mother.

Labor and delivery of the fetus entails physiological effects both on the mother and the fetus. In

the cardiovascular system, the mother’s cardiac output increase because of the increase in the

needed amount of blood in the uterine area. Blood pressure may also rise due to the effort exerted

by the mother in order to expel the fetus. There could also be a development of leukocytes or a

sharp increase in the number of circulating white blood cells possibly as a result of stress and heavy

exertion. Increased respiratory rate may also occur. This happens as a response to the increase in

blood supply in order to increase also the oxygen intake.

Braxton Hick’s contractions, also known as false labor or practice contractions. Braxton Hick’s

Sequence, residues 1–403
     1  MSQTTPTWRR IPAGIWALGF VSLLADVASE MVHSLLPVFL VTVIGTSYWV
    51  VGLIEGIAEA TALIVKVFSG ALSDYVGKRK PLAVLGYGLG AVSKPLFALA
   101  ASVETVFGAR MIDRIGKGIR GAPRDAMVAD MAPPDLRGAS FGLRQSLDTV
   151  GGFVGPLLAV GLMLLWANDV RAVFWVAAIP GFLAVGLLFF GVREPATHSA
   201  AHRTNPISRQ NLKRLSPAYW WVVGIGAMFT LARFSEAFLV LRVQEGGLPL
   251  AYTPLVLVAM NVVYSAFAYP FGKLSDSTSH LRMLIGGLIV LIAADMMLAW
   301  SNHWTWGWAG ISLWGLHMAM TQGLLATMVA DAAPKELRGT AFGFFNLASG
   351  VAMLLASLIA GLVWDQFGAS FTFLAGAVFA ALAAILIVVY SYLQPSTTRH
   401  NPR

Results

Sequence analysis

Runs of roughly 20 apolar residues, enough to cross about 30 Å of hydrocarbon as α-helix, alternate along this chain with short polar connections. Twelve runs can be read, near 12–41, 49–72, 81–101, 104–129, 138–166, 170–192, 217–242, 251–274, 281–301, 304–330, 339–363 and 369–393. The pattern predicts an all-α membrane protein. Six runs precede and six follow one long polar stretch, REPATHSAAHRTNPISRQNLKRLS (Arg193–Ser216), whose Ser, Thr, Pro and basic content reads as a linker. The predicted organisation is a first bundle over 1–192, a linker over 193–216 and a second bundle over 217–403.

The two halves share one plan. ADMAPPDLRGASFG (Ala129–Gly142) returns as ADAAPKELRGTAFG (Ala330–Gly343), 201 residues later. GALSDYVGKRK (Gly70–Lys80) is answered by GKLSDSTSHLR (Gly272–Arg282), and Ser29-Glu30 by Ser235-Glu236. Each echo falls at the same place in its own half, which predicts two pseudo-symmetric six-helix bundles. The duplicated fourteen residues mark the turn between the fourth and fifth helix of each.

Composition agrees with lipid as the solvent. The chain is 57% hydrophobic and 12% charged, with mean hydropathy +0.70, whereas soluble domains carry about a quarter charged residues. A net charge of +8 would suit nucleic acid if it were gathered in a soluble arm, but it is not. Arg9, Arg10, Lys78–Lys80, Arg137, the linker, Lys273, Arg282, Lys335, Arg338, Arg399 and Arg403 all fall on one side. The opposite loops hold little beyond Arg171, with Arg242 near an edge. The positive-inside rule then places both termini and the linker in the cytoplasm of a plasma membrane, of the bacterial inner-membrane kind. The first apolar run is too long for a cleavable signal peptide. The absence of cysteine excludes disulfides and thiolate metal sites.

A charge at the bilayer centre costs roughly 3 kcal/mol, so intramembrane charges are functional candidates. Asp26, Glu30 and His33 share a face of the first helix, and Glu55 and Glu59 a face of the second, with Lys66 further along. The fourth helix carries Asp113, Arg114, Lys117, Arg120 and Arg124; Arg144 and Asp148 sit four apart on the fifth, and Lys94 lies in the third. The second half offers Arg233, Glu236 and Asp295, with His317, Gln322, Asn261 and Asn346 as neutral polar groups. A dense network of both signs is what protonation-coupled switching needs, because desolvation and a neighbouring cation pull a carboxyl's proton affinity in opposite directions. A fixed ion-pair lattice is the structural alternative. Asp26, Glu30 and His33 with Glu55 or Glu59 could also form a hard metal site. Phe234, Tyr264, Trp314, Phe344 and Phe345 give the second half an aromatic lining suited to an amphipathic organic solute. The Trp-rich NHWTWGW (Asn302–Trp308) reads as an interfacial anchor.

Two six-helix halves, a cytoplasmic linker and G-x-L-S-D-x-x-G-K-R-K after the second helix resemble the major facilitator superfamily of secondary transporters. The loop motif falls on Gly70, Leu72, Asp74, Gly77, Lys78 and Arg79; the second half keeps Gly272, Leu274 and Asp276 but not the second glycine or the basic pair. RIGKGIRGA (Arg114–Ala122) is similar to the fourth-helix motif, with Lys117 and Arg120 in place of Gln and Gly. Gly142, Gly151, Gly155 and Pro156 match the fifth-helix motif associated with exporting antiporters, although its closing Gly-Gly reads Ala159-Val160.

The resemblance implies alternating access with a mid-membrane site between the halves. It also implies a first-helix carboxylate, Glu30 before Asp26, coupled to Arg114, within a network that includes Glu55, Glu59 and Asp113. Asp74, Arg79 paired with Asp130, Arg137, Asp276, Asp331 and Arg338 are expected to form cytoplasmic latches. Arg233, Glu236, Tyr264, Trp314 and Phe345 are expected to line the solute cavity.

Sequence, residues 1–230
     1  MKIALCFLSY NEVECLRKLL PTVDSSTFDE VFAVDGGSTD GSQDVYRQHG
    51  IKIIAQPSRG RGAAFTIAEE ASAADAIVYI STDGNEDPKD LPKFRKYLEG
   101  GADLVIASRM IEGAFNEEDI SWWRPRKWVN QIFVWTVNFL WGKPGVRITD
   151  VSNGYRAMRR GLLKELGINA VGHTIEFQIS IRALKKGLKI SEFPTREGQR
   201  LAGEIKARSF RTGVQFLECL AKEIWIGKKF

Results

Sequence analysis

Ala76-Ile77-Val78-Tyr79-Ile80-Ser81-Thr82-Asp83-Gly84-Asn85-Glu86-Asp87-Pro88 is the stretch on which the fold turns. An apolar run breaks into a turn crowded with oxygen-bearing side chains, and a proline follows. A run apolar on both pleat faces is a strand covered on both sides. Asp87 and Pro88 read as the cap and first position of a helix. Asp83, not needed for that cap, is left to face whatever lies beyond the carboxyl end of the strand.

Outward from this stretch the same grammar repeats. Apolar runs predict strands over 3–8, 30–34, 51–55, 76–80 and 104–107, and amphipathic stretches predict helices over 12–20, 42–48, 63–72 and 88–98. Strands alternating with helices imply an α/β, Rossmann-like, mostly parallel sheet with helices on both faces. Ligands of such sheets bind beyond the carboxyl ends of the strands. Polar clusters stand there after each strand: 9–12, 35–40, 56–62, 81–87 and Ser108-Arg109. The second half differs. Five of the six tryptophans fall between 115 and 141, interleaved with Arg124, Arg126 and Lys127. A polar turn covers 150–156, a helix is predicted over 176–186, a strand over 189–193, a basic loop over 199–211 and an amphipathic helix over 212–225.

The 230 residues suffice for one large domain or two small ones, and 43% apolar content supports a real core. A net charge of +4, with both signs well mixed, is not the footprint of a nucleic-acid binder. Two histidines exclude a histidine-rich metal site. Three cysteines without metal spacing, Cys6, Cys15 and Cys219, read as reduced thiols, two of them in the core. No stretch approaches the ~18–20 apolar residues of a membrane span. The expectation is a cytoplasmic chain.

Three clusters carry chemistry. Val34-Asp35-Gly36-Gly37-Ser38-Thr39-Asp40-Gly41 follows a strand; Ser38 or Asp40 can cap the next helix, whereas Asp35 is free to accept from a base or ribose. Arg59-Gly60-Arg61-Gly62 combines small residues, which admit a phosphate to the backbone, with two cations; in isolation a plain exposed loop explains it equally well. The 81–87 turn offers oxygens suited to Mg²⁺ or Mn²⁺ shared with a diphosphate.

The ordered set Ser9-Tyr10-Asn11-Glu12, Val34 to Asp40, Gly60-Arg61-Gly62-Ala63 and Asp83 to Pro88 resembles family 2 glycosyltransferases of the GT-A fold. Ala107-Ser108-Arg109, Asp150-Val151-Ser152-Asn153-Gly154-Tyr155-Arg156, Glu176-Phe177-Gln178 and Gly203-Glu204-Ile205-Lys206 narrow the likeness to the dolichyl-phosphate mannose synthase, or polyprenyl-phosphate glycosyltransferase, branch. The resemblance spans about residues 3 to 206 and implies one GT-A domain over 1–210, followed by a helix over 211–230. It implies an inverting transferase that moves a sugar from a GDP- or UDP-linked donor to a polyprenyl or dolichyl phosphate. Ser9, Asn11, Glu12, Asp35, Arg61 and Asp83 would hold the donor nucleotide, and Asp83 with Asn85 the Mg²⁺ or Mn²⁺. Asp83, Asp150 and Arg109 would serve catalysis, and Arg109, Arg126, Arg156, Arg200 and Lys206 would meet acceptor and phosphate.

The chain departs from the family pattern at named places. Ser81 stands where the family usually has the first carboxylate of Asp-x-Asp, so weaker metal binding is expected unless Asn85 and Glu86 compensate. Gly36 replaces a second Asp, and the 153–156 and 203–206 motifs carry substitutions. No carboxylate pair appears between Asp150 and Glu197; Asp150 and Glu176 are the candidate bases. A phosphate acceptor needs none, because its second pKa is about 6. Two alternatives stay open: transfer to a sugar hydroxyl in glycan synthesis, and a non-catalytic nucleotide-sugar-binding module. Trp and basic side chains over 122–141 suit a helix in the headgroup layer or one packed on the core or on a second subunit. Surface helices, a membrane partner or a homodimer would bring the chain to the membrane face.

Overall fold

are sporadic uterine contractions that actually start at about 6 weeks, although one will not feel
them that early. Most women start feeling them during the second or third trimester of pregnancy.

True labor is felt in the upper and mid abdomen and leads to the cervical changes that define true

labor.

With delivery imminent, the mother usually placed supine with her knees bent (e.g. the dorsal

lithotomy position). An episiotomy ( an incision continuous with the vaginal introitus) may be

performed at this time. Episiotomy may ease delivery of the fetal head and allow some control over

what may otherwise be an uncontrolled perineal laceration. However, many providers no longer

perform routine episiotomy, since it may increase risk of rectal injury and are larger than the

spontaneous laceration.

The labor and birth process is always accompanied by pain. Several options for pain control are

available, ranging from intramuscular or intravenous doses of narcotics, such as Meperidine